Rising costs and declining enrollments, as well as the pandemic-accelerated rise of online learning, have created concerns about the future of traditional higher education. The number of students in college in the U.S. peaked in 2010, and the Pennsylvania state college system recently announced consolidation of some campuses to deal with the new reality (the declining number of high school graduates in Pennsylvania has reduced the pool of potential applicants). My own experience teaching online suggests there are some advantages (shorter commuting times!) but some clear disadvantages (it is much harder to get students to engage). And at residential campuses, much of the education takes place outside the classroom, so that is completely lost in an online environment. But recent developments do force us to consider the question, what is the purpose of college?
The earliest colleges and universities began in Europe during the Middle Ages. The first colleges in the U.S. were created to train clergy (Harvard, 1636, William & Mary, 1693, Yale, 1701).
For much of our history, very few people attended college; early colleges focused on training the elites, and their curriculum reflected that. The classic education included Greek, Latin, and history; it was training for people who were expected to lead society, not job training for future employees. The focus was on character development as much as knowledge.
Colleges as purveyors of practical knowledge began with Lincoln’s signing of the Morrill Act, which created the Land Grant colleges in 1862. The federal government helped states establish colleges whose focus was more practical, agricultural science and engineering. The Second Land Grant Act in 1890 extended the program to the southern states that had not been in the Union when the first one was passed, and this act required those states that had “whites only” admissions policies to create colleges for African American residents (which created many of the historically Black colleges in the South, such as N.C. A&T, Florida A&M, and S.C. State).
The greatest change in college education in the U.S. came with the GI Bill, which passed in 1944. This bill helped create the middle class by enabling many GIs from working class backgrounds to attend college. College enrollment went from 1.5 million in 1940 up to 8 million in 1970. Community colleges also expanded during the postwar period, and their low fees helped broaden the pool of people who could attend college.
Not everyone has been happy with the expansion of access to college, especially conservatives who saw the anti-war protests and campus radicalism of the 1960s as an assault on traditional values. One of the admonishments of the time was that those students should “get a job!” In more recent times, a Pew poll in 2017 found that a majority of Republicans felt that higher education was actually hurting the country.
Critics have argued that one does not need a college degree to get a well-paid job; a popular meme on Facebook encourages people to skip college and go into the trades by listing the wages of electricians and plumbers. If enhancing your ability to make money was the purpose of college, such a meme might make sense. But college should do more than that. College should help students mature, expose them to new things, get them out of their comfort zone so they can learn, help them be more analytical, teach them the ability to research things they want to understand better, digest information, communicate ideas, be good citizens, appreciate the arts, develop a healthy lifestyle, and various other things that help students be more productive, able to adapt to new situations, and live a fulfilling life. So instead of discouraging young people from going to college, I think the better question is why shouldn’t trades people go to college?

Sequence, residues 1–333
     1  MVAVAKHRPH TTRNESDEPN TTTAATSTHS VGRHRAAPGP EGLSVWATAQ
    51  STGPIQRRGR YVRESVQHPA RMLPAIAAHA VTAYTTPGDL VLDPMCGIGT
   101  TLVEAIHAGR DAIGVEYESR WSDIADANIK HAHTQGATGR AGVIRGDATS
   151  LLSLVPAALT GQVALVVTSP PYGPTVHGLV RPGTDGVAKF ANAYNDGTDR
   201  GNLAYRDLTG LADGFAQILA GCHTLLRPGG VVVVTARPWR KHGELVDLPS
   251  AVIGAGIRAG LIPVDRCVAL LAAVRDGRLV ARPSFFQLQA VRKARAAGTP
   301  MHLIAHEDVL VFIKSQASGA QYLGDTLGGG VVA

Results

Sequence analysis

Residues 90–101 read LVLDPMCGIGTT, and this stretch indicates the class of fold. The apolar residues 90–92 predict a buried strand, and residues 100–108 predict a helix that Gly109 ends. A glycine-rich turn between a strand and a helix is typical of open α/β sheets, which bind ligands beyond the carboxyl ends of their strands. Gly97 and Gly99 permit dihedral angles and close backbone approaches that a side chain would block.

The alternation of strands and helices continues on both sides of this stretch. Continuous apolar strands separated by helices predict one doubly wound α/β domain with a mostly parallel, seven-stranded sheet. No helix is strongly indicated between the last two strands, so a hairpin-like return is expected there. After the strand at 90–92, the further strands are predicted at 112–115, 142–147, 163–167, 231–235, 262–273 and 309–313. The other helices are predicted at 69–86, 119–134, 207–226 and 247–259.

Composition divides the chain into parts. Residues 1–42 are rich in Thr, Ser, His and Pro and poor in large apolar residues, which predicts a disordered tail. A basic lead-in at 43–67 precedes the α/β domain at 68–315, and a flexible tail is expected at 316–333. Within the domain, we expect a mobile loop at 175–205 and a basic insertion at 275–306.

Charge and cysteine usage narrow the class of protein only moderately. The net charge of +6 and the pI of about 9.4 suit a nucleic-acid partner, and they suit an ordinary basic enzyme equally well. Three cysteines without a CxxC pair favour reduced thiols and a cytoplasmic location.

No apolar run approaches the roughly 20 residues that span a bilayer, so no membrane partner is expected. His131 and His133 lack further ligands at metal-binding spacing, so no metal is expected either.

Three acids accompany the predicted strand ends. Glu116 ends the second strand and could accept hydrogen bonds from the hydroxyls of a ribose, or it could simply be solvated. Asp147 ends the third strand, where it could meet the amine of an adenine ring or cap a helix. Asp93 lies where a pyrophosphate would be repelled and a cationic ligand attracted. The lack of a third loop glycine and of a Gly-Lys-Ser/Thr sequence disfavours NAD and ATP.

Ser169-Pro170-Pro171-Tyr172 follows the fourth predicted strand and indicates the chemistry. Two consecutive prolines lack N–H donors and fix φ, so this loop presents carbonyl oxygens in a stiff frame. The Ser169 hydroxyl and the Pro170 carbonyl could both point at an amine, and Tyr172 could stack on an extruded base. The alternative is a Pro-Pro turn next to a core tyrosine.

While some jobs that don’t require a college degree can pay well (unionized manufacturing jobs, the skilled trades), a recent study showed that the median college graduate will earn more than a million dollars more than the median high school graduate over their working lives. Critics of the system argue that many jobs now require college degrees unnecessarily; nothing that is learned only in college is a pre-requisite for being able to such jobs. Instead of job training, college seems to be a pre-selection process for some types of jobs.
As more people have college degrees, they become relatively less valuable in the competition for jobs. People earn advanced degrees in an attempt to distinguish themselves, and because of the more educated pool of applicants, employers can now seek new employees who have essentially paid for their own training by attending graduate school. But this has put new burdens on young job-seekers; by paying for their own training, they, not the employers, take the risk there may not be an opening that requires their skills.
While most people would benefit from a college education, it’s not for everyone. Certainly, after 12 years of schooling many high school graduates need a break. And of course given the high cost of college, it is fair to question if the benefits are worth the cost. But one of the reasons America became a world leader was we invested in the education of our population, and that investment yielded dividends that were greater than an increased GDP. Modern society requires lifetime learning, and college is an important part of that process.
Kent James has a doctorate in History and Policy from Carnegie Mellon University and is an adjunct in the History Department at Washington & Jefferson College.